Fostering innovation through app development
In recognition of the Consumer Electronic Show (CES) that has been the buzz all week, we look at the apps development in the Caribbean and the upcoming Caribbean Open Data Conference.
The Consumer Electronic Show (CES) is one of the largest consumer technology tradeshows in the world, and is frequently used to launch new products and to showcase those that are in the works. With all the attention being on Las Vegas this week, where CES is being held, we, here in the Caribbean, have an opportunity to examine how we might be becoming innovators and not just consumers of tech products and services developed overseas.
In the Caribbean, one of the tech areas in which we have been gaining some proficiency is in mobile applications (apps) development. Initially, apps were being developed in isolation by the odd individual or isolated teams for very specific clientele or purposes. However, over the last two or so years, increasing attention and support is being given to mobile apps development in the region due to, among other things:
- the wide proliferation of mobile/cellular services and devices in the region
- the apps market becoming more lucrative – to varying degrees, and
- the ability of apps to affect the lives of wide sections of the society, as discussed in Where is the Caribbean on the apps bandwagon?
Can you code?
It is interesting to note that the focus on mobile apps development is not limited to the Caribbean. Record numbers of people are learning how to programme. For example, on 4 January, it was widely reported that over 100,000 new users had registered with Codecademy, the computer programming education start-up, in three days (Source: Silicon Alley Insider).
In addition to online leaning resources, across the Caribbean region, there have been a number of initiatives to teach programming and to foster app creation. For example, last month, through the BrightPath Foundation, four-day mobile apps development workshops were held in Antigua & Barbuda and St. Kitts & Nevis for persons between the ages of 12 and 21 years. Although 2012 promises to be chock full of app development activities, one of the largest, but certainly the most ambitious event, will be occurring later this month.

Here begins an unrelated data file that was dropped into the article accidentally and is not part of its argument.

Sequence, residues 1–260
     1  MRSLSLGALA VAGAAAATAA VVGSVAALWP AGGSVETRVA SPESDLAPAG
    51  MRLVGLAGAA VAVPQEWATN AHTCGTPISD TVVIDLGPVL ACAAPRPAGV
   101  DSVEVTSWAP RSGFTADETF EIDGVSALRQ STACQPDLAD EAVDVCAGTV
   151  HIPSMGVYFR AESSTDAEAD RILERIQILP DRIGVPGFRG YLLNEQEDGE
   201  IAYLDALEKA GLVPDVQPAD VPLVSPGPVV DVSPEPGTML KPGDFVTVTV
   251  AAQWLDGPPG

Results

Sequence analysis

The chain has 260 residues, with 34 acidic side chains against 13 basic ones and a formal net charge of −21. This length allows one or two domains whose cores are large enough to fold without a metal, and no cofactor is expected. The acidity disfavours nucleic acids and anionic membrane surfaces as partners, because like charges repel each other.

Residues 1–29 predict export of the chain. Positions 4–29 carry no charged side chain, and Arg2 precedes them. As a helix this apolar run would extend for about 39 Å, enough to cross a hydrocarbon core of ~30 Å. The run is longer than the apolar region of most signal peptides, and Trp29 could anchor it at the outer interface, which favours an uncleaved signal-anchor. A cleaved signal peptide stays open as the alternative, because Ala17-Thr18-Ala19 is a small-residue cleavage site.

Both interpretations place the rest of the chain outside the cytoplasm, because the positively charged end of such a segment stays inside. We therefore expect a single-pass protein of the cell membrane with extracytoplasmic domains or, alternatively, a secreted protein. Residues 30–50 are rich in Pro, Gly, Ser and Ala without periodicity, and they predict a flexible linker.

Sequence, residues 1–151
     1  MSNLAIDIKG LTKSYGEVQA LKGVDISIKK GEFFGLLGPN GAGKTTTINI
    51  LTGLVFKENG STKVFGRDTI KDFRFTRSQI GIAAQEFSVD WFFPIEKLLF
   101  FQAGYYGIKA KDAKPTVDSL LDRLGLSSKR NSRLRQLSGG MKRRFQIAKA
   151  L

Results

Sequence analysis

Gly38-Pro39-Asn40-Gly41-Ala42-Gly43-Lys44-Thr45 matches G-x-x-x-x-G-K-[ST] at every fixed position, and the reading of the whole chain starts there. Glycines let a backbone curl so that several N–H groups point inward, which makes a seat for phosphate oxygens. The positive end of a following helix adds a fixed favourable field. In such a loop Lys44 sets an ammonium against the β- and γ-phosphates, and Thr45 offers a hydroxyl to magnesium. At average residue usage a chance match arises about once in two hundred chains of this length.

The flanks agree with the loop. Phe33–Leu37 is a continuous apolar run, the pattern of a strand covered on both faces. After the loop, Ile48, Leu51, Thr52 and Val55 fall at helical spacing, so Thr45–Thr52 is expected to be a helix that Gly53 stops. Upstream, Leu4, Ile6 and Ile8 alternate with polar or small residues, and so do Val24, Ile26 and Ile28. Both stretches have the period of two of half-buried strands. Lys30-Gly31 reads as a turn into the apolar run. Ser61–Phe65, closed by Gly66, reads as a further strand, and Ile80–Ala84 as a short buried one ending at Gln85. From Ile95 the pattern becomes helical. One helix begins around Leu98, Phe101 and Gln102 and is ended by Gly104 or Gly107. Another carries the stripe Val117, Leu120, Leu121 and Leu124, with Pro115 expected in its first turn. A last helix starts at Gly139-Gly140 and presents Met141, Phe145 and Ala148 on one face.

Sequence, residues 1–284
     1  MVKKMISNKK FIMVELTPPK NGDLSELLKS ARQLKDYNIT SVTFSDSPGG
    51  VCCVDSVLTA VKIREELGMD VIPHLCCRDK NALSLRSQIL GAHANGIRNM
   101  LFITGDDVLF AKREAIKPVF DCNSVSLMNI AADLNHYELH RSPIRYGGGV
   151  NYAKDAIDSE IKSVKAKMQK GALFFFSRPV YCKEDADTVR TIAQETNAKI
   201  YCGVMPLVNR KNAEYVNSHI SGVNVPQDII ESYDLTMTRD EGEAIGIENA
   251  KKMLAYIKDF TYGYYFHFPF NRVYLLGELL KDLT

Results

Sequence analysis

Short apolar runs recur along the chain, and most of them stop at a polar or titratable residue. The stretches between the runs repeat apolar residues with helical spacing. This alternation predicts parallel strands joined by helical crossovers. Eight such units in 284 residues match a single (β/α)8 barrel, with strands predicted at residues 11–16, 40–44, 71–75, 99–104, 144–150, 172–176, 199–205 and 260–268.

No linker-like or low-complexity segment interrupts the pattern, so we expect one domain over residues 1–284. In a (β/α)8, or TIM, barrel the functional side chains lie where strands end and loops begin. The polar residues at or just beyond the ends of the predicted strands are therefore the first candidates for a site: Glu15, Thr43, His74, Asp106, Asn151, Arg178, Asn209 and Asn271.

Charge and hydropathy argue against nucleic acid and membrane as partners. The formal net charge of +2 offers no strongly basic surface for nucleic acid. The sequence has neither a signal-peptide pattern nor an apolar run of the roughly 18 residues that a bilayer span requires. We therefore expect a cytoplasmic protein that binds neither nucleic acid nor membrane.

Caribbean Open Data Conference
The Caribbean Open Data Conference is a regional developer conference that is being held on 26 and 27 January in the Dominican Republic, Jamaica and Trinidad and Tobago. Although three independent conferences will be held, there will be live streaming at the venues, thus allowing attendees to participate in all of the events. However, more importantly and running concurrently with the full schedule of conference talks and discussions, is a 24-hour Developer Code Sprint. As at publication seven events will be running concurrently.
A “code sprint”, which is also referred to as a “hackathon” or “codeathon”, is usually a competition where, within a fixed amount of time, software developers seek to create working products. The Caribbean Open Data Conference’s Code Sprint aims to highlight how ICTs can be used to facilitate development across all sectors of our economy. Through regional collaboration, the event will focus on finding indigenous solutions for problems in the following thematic areas:
- agriculture and fisheries
- trade and economic indicators
- ICT access
- national statistics/census.
Impact on the Bottom of the Pyramid
To varying degrees, apps creation that focuses on sector development can benefit persons in the poorest socio-economic group in a society, i.e. at the “Bottom of the Pyramid” (BoP). It is a widely held view that the needs at the BoP hold the greatest potential for innovation. When this potential is coupled with the size of the group – the largest segment of a country’s population, along with their combine purchasing power, there is considerable scope to not only to improve the lives and livelihoods of persons at the BoP, but also that of a country as a whole.
Although the Code Sprint is the highlight of the Caribbean Open Data Conference, and developers are integral to that event, there is need for other expertise and input:
- designers – to participate in the look and feel of the final products
- data contributors – to provide data sets and other key inputs into the development process
- ideas contributors – to share identified needs and to be agents of change.
Should you have any ideas for projects that could be undertaken during the Code sprint along the lines of the above-stated themes, do submit them. All other inputs should be directed to the conference organisers. Registration for the conferences and to participate in the Code Sprint is still open and can also be done via Caribbean Open Data Conference website.
In the coming days leading up to the conference, a number of exciting announcements are promised. So do stay tuned to the conference website and keep track of those developments through Facebook, Twitter or RSS feed.